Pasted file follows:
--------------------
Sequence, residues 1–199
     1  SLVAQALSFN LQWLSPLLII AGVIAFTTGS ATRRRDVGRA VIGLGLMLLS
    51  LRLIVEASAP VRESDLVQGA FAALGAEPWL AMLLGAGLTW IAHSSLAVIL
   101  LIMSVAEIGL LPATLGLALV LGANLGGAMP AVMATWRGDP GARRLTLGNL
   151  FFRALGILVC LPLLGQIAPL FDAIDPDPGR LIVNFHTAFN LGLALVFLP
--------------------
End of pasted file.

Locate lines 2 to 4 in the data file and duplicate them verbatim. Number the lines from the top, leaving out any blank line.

     1  SLVAQALSFN LQWLSPLLII AGVIAFTTGS ATRRRDVGRA VIGLGLMLLS
    51  LRLIVEASAP VRESDLVQGA FAALGAEPWL AMLLGAGLTW IAHSSLAVIL
   101  LIMSVAEIGL LPATLGLALV LGANLGGAMP AVMATWRGDP GARRLTLGNL